Tuesday, December 28, 2004

The Modern Guide to existing

I must mention the 'bus transport for dummies' system that seems to be in full force in this part of the world. Once upon a time it used to be a very complex affair of getting on, finding the least insane person you can to sit next to, and getting off at your stop. However, the helpful people at the transport service thought they could simplify things a bit by providing lots of aggreeively informative Situation? Solution! PSA notices everywhere you care to look.

Now while I am all for these crazy modern innovations that tell me such useful stuff as where I am and where I'm going, notices such as 'get on at the front, get off at the back, its logical!' seem too painfully obvious to bear mentioning, 'a backpack? better in the hand!'(what, and deprive myself of the joy of whacking fellow commuters in the face with my dangling straps?) 'a pregnant/old/childladen person needs a seat? be nice!' and what has to be my all time favourite 'bulky packages? avoid them!' (aka 'you don't have a car and you need to move something bulky? Don't use public transport!')
(as a side note, buses in London by contrast lack any information whatsoever, from the useful to the downright imperative - such as where you are and where you need to get off. In an effort to avoid more public intreatction than is necessary, bus drivers seem to respond to most questions with no, which as a number of high court judges would be thrilled to hear, often means yes.

This dumbing down of almost every facet of life that people in the western world undertake is something I'm noticing more and more often. Supermarkets have been transformed into a 'guide to living' in Australia with such useful ideas as 'don't leave your children unattended' on the supermarket trollies, and 'eat 7 portions of fruit and vegetables a day' in the fresh produce department (as an amateur global roamer, I'll just mention here that recommended fruit and veg per day portions is not actually standard across the western world).

Once upon a time, this guide to getting along used to be the domain of parables, myths and epic tales (for what was Beowulf if not a warning against the perils of excessive drinking?) however these have since been divided and relegated to their separate quarters of 'myths', 'fairy tales' and 'religion'. The Martha Stewart bible of the future could have a helpful hints section: 'unexpected guests? Turn water into wine!' 'scrumptious festive fare, loaves and fishes for the christmas masses!'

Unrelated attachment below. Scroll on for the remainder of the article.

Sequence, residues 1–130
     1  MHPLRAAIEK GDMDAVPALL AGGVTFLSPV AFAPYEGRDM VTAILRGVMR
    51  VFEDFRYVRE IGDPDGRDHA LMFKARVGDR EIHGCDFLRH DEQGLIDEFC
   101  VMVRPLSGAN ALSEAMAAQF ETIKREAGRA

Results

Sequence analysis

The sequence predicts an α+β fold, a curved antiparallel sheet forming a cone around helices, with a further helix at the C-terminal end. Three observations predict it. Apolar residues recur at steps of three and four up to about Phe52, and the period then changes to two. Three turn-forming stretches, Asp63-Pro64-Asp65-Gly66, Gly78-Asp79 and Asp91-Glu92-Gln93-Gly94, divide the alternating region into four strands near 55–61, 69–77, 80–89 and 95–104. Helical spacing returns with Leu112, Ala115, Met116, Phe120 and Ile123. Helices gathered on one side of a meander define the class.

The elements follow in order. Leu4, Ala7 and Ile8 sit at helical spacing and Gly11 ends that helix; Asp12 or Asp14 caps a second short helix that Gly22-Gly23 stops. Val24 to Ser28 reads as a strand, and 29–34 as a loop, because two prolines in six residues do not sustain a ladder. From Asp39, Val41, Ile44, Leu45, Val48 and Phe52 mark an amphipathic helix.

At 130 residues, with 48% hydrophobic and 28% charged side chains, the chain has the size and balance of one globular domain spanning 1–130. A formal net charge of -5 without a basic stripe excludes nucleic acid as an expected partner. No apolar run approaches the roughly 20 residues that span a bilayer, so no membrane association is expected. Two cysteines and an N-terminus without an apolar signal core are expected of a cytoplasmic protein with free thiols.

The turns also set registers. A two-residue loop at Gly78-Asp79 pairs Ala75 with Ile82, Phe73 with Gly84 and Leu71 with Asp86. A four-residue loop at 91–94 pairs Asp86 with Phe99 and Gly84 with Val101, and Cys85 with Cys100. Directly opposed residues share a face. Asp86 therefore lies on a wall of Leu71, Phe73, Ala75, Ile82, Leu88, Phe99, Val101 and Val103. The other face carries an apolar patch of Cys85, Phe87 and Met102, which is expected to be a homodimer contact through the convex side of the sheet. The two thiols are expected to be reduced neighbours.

Anyway, provided you know how to read, you'll find that the modern guide to living is written down all around you. No excuse for being confused.

Wednesday, December 15, 2004

The Politics of Coffee

Now that my life has a vague semblance of routine again, this is how it starts off;

Alarm radio goes off at 7.15

Absorb early morning news through haze of semi-consciousness

Something or other catches my attention and (more often than not) annoys me into a state of awakeness*, from where I stagger blearily into the kitchen to make myself a cup of ethical trade organic coffee.

Being a bit of a 'where is your coffee coming from?' freak and not the worlds biggest fan of multinational corporations, it was with some dismay that I was awoken into a state of annoyance this morning with the news that Kraft and Nestle are attempting to make their corporate inroads into the realm of Fairtrade coffee, except not quite as fair as they're only proposing around half of the compensation to local growers as the currently established Fairtrade price.

Now the very interesting logic behind this, is that on the one hand, the success of this niche market is attractive enough to make them want to join the party - while simultaneously claiming that consumers will not be willing to accept the price hike that would come with paying local farmers their due.


"We believe the majority of consumers are not willing to take the premium we would have to charge if we were to convert to the fair trade system."


"We believe in a sustainable approach to coffee production and... aim to reflect our beliefs in our product development. Nestle is always looking at ways to innovate and re-energize products."

(Sourced from The Guardian)

I find this quite an extraordinary logic bubble as, if the organic:sustainable coffee market is proving to be successful enough to attract the eye of the multinationals, then its proof positive that customers who are concerned about this sort of thing are, on the contrary, willing to pay the increased prices (which, by the by, is not very much more). Possibly they're talking about the combined effects of the price rise necessary to keep THEIR profits at the status quo, AND pay the farmers their due.

Its an interesting coincidence in concepts as I'm currently reading Naomi Kleins' No Logo, and the section I'm currently engrossed in deals with the phenomenon of multinationals 'buying in' to diversity - minority becomes cool (yes, we can market black feminist lesbian punk, its cool, its edgy, but its so yesterday, what next?) So is the next big multinational foray into the world of sustainable development? (albeit continuing with the ventures that have caused many of the problems in the first place). Turning sustainability and fair trade back into the exploitation machine? Does the non-GMO, organic, locally produced and sold, naturally fertilised hand harvested grass look greener now??

Though there could be another consequence to this. Conscientious consumers who drink coffee are hardly the sort of people you want to provoke.

*as an aside, if people everywhere decided to take a break from annoying the hell out of me, it's highly possible I'd never wake up again